Consumer Reports says Cadillac’s self-driving tech is better than Tesla’s
I’m sure Ol’ Musky will have something to say about this.
In the first survey of its kind, Cadillac’s Super Cruise bested Tesla’s Autopilot as the top partially automated driving system, according to Consumer Reports (CR). It determined that the system Cadillac employs did the best job of balancing high-tech capabilities with safety.
Of the systems tested, Nissan/Infiniti’s ProPilot Assist came in third place, followed by Volvo’s Pilot Assist system. During the tests, CR looked at how well a system monitored driver engagement and how it reacts if drivers don’t respond to warnings.
The Super Cruise from Cadillac scored highest when it came to keeping a driver engaged and what happens when that driver becomes unresponsive. CR was less impressed with its ease of use. Tesla’s Autopilot system scored high marks for its capability and performance, but poorly when it came to keeping drivers engaged.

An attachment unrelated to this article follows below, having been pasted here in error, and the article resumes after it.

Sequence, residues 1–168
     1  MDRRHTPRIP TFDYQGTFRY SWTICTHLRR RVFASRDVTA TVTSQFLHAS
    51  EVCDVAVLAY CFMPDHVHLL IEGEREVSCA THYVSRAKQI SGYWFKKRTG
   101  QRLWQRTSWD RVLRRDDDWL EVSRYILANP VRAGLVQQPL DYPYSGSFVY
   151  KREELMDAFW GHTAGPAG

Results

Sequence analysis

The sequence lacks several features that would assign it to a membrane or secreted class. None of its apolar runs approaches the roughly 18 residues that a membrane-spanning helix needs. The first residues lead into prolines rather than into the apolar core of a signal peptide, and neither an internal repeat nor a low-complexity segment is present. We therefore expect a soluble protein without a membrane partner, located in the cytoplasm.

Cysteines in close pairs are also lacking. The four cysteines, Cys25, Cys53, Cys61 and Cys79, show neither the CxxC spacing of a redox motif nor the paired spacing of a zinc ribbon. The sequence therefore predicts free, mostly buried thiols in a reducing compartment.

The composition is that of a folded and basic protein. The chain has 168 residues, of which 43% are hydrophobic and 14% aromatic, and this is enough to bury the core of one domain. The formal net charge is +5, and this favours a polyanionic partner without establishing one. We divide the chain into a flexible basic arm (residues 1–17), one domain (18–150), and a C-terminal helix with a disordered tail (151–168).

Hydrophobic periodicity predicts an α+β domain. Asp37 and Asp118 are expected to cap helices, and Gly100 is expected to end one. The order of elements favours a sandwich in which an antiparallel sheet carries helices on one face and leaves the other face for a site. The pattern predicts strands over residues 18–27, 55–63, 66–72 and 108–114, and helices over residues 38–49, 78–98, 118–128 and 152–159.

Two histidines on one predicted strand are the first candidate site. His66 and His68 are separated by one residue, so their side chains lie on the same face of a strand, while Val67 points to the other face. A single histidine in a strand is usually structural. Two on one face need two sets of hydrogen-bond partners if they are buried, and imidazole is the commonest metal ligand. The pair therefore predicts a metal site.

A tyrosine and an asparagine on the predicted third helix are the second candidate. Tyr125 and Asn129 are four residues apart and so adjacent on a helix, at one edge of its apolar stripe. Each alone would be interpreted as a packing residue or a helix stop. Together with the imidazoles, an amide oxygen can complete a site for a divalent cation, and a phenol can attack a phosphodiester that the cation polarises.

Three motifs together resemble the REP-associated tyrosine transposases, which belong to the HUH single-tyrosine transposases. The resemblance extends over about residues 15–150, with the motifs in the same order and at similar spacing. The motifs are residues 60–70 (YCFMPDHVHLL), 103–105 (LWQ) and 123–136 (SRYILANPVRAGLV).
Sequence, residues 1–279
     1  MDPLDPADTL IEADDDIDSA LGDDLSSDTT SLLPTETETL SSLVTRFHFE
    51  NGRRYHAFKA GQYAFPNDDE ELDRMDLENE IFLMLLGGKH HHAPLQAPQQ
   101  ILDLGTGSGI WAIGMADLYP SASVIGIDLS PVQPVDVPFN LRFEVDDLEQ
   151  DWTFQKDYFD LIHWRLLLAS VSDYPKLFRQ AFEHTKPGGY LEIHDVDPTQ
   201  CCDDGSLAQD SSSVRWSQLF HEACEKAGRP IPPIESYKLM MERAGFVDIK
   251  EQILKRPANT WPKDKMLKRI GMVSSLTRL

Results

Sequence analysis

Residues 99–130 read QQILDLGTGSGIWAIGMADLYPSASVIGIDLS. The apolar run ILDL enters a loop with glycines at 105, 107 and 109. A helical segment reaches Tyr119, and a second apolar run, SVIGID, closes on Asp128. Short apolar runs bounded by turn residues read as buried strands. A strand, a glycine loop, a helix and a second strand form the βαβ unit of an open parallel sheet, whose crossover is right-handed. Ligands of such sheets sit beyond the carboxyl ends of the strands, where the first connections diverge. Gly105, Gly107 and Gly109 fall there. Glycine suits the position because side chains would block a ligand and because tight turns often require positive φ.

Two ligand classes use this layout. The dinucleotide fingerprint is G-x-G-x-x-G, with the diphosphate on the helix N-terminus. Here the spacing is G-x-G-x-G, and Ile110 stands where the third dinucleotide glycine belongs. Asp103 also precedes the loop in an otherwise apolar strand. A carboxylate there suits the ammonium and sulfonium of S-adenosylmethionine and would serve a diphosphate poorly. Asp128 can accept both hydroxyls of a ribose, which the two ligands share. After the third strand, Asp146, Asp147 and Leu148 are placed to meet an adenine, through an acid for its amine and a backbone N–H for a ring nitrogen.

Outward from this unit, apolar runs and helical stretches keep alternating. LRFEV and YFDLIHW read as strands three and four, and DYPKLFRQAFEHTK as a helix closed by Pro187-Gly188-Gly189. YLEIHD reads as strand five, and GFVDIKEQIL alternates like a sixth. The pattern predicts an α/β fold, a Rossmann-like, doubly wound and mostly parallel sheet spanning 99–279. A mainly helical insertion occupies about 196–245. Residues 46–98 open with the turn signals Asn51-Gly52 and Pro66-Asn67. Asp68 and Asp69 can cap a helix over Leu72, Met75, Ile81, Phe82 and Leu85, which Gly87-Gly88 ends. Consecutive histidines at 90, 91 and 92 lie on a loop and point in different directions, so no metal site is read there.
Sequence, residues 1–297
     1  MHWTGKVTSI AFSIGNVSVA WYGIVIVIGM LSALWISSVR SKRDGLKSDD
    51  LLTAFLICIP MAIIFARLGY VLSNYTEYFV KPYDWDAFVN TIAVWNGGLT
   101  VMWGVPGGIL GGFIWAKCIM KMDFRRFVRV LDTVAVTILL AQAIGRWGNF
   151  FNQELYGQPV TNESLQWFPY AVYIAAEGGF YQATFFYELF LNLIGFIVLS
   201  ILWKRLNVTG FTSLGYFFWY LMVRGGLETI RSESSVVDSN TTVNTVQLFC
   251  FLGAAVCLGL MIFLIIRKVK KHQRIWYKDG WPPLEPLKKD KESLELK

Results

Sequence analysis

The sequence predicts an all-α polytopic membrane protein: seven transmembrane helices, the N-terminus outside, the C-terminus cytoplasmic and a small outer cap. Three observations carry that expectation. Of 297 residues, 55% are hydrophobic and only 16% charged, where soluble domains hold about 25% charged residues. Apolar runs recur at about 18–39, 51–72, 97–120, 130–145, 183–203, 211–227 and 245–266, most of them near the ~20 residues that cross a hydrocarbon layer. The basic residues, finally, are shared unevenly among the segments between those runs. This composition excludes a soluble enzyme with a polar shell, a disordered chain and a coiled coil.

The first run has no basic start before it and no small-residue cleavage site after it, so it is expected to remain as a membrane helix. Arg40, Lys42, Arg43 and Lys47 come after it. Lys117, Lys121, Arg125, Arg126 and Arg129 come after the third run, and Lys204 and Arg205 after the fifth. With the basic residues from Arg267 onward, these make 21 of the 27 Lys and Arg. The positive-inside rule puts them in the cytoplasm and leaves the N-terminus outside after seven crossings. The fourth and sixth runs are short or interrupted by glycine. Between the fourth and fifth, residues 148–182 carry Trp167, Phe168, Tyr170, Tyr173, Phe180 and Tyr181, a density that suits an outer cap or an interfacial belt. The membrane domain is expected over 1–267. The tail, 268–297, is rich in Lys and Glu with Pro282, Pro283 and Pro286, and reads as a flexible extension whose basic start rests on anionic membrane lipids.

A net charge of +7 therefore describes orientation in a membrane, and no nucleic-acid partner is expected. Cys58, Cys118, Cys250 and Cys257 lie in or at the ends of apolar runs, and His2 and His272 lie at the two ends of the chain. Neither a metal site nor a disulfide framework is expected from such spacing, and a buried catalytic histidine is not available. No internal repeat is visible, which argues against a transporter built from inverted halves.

Stacking the vehicles up against each other
Jake Fisher, director of auto testing at CR notes:
We have been evaluating these systems on a case-by-case basis for a few years, but we are at a tipping point where they are now going mainstream. Stacked up against each other, you can really see significant differences. The best systems balance capability with safeguards—making driving easier and less stressful in the right situations.
There is then the issue of keeping proper safeguards in place, as Fisher notes that without them “overreliance on the system is too easy, which puts drivers at risk.”
The responsibility ultimately falls on the driver
One of the points CR continually stresses in its report is an important one. It explains that partially automated driving systems like those found in some Cadillac vehicles are just that. As such, drivers must remain engaged continuously.
It concludes, “If you have one of these systems, or are interested in buying a car with one, you need to understand the reality: You are always responsible for driving the vehicle, no matter what the car is doing to help you out.”
Reading the survey, it’s clear CR believes these driving systems are the future of transportation. Nonetheless, challenges remain. There’s no doubt technology will continue to improve for these types of systems. Regardless, I think the powers that be should also stress training and education.
What do you think? Leave your comments below.
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